SECRET EMPIRE may have ended last week with the true Steve Rogers returning thanks to the efforts of Bucky Barnes, Kobik and everyone else who resisted Hydra’s advances. But, just because Captain America’s back to normal, doesn’t mean the damage gets fixed in an instant, at least in some cases.

This week’s CHAMPIONS #12, by Mark Waid and Humberto Ramos, examined the current status of the team in the wake of their incredible and horrible experiences during the conflict, which we’ll examine now! 

Champions (2016) #12

Champions (2016) #12

This version of The Champions – Totally Awesome Hulk, Young Cyclops, Ms. Marvel, Viv Vision, Miles Morales Spider-Man and Nova – initially came together because they didn’t like how the adult heroes handled the business of saving the world.

Even though they had their differences, the Champions joined up with the rest of the adult heroes in the Underground after Captain America took over the country in the name of Hydra.

As Secret Empire kicked off, their ranks swelled to include Ironheart as well as the new versions of Wasp, Falcon and Patriot. When Black Widow split off from the rest of the resistance fighters, intent on taking Steve Rogers out for good, the Champions followed her.

Even though Miles Morales had seen the same vision of himself killing Captain America as everyone else in CIVIL WAR II, he and his team intended to let Black Widow train them in the Red Room – as seen in SECRET EMPIRE UPRISING #1 – but never fully agreed with the idea of killing Steve Rogers. 

Secret Empire: Uprising (2017) #1

Secret Empire: Uprising (2017) #1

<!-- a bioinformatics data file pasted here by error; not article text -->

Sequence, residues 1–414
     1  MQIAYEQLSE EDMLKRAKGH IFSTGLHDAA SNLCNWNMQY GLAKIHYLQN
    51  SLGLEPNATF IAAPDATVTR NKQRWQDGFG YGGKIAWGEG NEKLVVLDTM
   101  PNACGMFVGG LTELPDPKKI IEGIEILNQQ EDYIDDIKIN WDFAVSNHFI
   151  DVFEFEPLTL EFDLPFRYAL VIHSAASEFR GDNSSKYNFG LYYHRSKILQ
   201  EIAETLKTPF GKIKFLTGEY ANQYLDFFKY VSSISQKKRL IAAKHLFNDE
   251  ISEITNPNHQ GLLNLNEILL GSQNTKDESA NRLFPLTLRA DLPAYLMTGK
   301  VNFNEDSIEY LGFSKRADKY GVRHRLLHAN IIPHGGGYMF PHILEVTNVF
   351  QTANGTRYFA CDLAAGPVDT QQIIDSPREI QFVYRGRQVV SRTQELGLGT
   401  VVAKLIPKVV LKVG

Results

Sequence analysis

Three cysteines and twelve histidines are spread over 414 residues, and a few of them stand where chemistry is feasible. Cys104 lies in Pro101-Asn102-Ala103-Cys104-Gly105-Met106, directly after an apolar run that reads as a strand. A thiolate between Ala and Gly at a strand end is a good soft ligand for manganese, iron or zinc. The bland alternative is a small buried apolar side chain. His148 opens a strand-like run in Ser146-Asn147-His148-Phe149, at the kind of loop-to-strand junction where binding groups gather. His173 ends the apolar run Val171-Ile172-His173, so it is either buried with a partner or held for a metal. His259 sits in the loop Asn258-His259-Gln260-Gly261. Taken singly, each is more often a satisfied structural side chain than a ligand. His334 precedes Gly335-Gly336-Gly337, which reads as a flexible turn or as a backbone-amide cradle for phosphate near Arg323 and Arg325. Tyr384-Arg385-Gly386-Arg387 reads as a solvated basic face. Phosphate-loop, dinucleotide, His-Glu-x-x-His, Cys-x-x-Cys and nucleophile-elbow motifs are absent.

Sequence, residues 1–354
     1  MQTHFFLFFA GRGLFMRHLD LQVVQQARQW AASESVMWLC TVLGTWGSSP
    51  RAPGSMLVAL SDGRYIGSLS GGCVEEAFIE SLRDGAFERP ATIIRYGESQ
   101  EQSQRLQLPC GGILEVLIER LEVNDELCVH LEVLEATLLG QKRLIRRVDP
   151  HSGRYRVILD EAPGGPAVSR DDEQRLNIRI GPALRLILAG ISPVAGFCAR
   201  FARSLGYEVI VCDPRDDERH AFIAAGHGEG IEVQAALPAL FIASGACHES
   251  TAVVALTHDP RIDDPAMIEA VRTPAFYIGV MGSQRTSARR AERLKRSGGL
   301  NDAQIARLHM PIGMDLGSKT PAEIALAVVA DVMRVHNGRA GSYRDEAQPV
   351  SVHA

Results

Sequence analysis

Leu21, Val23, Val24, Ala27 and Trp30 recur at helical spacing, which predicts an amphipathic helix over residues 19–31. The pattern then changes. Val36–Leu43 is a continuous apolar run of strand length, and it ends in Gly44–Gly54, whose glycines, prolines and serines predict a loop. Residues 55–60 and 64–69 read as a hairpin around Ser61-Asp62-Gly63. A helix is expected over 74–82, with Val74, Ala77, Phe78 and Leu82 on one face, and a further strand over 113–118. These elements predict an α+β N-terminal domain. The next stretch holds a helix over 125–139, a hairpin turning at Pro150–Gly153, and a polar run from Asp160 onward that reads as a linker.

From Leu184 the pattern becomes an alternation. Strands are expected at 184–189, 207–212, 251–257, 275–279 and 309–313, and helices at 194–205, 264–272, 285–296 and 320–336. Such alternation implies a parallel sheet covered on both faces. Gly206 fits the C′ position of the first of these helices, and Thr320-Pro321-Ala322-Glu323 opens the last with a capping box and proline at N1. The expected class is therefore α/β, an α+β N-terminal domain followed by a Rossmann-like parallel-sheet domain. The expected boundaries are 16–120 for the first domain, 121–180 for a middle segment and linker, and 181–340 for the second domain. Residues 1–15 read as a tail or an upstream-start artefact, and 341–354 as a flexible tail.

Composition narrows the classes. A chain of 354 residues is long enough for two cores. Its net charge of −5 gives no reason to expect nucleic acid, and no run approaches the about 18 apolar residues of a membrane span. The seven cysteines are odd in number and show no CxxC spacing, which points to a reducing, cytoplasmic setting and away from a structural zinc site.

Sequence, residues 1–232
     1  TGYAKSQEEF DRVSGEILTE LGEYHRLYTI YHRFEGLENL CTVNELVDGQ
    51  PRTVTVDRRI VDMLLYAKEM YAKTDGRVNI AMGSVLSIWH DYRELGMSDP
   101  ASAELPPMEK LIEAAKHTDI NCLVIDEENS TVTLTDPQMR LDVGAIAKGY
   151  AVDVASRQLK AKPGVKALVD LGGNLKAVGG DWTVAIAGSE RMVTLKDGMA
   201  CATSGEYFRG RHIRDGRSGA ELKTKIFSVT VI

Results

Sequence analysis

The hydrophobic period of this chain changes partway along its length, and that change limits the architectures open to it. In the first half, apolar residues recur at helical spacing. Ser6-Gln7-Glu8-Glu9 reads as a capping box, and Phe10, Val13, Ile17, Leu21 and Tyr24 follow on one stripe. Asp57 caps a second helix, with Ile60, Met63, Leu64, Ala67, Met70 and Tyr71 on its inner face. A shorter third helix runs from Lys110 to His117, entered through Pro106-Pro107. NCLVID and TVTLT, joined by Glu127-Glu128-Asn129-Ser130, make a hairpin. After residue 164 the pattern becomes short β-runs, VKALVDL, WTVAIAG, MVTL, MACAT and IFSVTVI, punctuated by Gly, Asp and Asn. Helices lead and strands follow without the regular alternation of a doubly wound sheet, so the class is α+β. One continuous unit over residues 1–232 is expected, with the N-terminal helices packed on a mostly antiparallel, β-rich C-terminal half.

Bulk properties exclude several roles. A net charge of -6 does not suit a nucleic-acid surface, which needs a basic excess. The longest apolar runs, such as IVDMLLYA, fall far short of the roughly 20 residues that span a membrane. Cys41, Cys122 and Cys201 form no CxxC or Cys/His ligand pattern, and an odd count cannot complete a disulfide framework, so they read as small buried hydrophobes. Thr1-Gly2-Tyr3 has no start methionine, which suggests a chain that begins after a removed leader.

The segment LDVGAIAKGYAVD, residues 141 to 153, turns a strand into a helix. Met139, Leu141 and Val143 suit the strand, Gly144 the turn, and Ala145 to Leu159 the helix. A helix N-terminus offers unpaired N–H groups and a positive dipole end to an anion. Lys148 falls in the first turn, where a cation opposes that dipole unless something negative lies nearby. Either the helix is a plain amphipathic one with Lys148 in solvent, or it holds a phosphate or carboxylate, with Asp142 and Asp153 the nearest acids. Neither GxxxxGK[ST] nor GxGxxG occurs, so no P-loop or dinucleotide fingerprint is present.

UPRISING also saw the Champions infiltrate the Hydra Youth Choir, a plan designed by Widow to get them close to Viper and eventually flip her to their side. This move allowed both Miles and Black Widow to get close enough to Steve Rogers to kill him, but instead Cap killed his former Avengers comrade and Miles gave himself up.

The remaining members of the team did their best to continue fighting against Hydra-Cap, but were temporarily erased from existence after he used a Cosmic Cube-created armor to rewrite history. As we mentioned above, though, Bucky’s plan to bring Kobik and Steve back worked and everyone returned to the land of the living, though still with the memories of what happened.

The Empire Strikes Back

In addition to bringing dead characters like Rick Jones and Black Widow back from the dead, Kobik also offered legacy characters like Miles, Amadeus, Sam Wilson, Captain Marvel, Ms. Marvel, Kate Burton, Jane Foster, Wolverine and Iron Heart a “journey of discovery…through the Vanishing Point.” Upon returning in the next panel, these individuals had been restored. To see exactly how, you’ll have to get the various GENERATIONS one-shots that feature these heroes meeting up with their predecessors in ways that allow long-dead or earlier versions of characters to interact with their modern counterparts.

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Author Jason Reynolds maps out the Webbed Wonder’s new prose novel!

Meet Miles Morales, your average Brooklyn teenager. Dinner every Sunday with his parents, playing old-school video games with his best friend Ganke, crushing on his brainy, beautiful classmate Alicia. He’s even got a scholarship spot at a prestigious private school.

Oh yeah—and he’s Spider-Man.

National Book Award finalist and Coretta Scott King Award-winning author Jason Reynolds presents “Miles Morales: Spider-Man”—a young adult prose novel—available now!